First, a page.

“For human beings, this is very important,” Chris says. The lag and lead measures won’t have much meaning to the team unless they’re able to see whether they’re winning or losing in the moment.

If players 1) know the score, 2) see they can influence the lead measure, and 3) know the lead measure moves the lag, then you’ve got a winnable game. You’ve created a system that will motivate your team to propel your business forward.

People play differently when they’re keeping score. If you want to get the highest level of engagement from your team, set up a winnable game they understand.

Discipline #4: Create a Cadence of Accountability

Disciplines 1, 2, and 3 are about defining the objectives and rules of the game. Discipline 4 is about playing the game.

“It’s everybody, one at a time, reporting on and making commitments this week,” Chris says.

Create a rhythm of regular accountability meetings that focus on your WIG. They should:

  • • Happen at least weekly.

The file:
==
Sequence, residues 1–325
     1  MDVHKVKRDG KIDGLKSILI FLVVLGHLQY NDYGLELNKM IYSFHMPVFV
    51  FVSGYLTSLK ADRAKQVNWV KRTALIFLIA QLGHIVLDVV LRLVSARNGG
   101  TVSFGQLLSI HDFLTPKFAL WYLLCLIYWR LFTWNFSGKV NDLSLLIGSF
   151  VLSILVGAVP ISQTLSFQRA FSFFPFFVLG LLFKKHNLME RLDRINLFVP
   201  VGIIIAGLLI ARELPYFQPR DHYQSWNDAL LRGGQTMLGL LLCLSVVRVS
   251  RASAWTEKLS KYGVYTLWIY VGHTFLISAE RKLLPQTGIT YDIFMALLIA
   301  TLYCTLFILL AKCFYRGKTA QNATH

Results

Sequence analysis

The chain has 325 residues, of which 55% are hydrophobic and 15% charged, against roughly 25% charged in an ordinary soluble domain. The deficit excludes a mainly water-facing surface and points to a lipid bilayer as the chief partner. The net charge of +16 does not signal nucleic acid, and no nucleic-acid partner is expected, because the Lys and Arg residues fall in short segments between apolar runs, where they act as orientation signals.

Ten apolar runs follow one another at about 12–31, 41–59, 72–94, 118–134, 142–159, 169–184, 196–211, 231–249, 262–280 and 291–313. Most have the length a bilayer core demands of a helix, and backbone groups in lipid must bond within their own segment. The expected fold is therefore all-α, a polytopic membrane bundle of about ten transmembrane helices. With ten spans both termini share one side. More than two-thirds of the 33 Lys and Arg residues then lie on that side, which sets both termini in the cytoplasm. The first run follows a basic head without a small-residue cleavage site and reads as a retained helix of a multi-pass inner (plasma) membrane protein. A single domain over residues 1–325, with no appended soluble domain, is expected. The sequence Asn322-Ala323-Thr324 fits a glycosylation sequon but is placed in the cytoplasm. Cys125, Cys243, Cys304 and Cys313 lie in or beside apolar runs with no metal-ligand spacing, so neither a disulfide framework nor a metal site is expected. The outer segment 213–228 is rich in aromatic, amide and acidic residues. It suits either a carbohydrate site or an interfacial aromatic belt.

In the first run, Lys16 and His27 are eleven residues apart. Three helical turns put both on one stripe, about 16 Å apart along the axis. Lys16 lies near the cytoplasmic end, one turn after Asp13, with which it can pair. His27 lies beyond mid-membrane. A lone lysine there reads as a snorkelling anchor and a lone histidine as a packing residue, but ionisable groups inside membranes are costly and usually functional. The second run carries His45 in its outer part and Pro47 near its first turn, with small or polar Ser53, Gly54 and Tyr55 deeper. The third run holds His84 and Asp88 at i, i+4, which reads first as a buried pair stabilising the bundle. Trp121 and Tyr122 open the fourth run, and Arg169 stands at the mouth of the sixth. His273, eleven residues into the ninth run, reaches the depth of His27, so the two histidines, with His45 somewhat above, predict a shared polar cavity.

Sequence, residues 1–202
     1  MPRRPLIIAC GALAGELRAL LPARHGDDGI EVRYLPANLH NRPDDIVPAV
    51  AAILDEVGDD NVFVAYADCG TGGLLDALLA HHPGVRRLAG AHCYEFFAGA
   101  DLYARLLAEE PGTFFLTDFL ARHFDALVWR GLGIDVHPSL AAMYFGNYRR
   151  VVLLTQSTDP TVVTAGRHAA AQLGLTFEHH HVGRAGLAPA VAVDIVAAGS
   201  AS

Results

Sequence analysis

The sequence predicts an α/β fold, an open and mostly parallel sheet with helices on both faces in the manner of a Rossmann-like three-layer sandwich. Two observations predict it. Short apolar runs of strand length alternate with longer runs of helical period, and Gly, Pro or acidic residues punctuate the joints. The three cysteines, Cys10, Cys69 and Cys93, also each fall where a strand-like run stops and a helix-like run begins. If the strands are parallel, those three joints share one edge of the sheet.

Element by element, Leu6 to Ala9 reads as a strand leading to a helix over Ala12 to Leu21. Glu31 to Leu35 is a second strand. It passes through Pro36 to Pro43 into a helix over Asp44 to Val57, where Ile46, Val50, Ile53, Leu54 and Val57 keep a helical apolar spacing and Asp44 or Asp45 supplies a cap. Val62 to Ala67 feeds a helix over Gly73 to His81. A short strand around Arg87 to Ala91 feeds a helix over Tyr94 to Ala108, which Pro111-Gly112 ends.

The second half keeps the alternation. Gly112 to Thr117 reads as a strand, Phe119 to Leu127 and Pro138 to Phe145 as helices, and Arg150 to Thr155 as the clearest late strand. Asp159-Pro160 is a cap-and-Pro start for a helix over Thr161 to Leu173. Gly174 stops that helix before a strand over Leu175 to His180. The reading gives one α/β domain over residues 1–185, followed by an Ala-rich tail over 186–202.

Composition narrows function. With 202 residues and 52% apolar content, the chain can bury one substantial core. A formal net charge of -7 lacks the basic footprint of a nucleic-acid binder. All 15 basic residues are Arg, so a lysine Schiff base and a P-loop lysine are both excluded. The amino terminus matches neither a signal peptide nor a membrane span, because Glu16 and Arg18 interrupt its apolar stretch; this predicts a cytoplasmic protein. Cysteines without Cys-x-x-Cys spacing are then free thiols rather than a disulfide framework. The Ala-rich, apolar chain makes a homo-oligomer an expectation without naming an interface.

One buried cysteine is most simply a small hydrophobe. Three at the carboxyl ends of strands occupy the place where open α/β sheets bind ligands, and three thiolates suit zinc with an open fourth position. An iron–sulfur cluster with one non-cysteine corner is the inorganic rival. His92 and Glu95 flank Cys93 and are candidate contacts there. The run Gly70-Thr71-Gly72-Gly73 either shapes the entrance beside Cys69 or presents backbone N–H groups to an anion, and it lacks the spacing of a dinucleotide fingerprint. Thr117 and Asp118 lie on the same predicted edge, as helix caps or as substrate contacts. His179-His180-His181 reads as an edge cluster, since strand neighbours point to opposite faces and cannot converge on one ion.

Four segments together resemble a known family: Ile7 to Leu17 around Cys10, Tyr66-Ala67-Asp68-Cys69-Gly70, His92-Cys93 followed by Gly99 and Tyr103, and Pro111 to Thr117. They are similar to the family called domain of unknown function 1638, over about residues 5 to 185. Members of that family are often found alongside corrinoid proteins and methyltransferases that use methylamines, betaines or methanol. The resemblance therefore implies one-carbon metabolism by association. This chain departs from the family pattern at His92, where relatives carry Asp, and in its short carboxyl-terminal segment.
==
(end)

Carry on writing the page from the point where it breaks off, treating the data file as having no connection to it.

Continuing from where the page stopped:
• • Be short — no longer than 20 minutes.
  • • Consist of team members holding each other accountable to their commitments to move the score.

Create a rhythm of regular accountability meetings that focus on your WIG.

In a shoe store, you may share how many kids’ feet you measured. Or if you’re a copywriter, it might be how many proposals you sent. Are you going to get 14 new candidate opportunities to call or are you going to go over the script with a team member?

In a truck parts department, you may commit to organize the salvage inventory because you’re getting a lot of parts out of salvage and losing precious time in truck repair. Or it may be to get the mechanics to wear a remote on their belt so they can order a part and keep working. These are real WIG commitments by the way. This company had the lowest truck driver turnover in their history and had the best financials in 12 years.

Discipline 4 brings results home.

If you create a rhythm that reminds your players of the objective and rules of the game, your team will play to win.

“Each team should feel like they’re in a winnable game,” Chris says.

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The whirlwind isn’t going away. But if you and your team focus your energies on these 4 disciplines of execution, those urgent matters will no longer shunt aside the important things that grow your business. You and your team will be playing a game that drives your company forward and helps everyone win.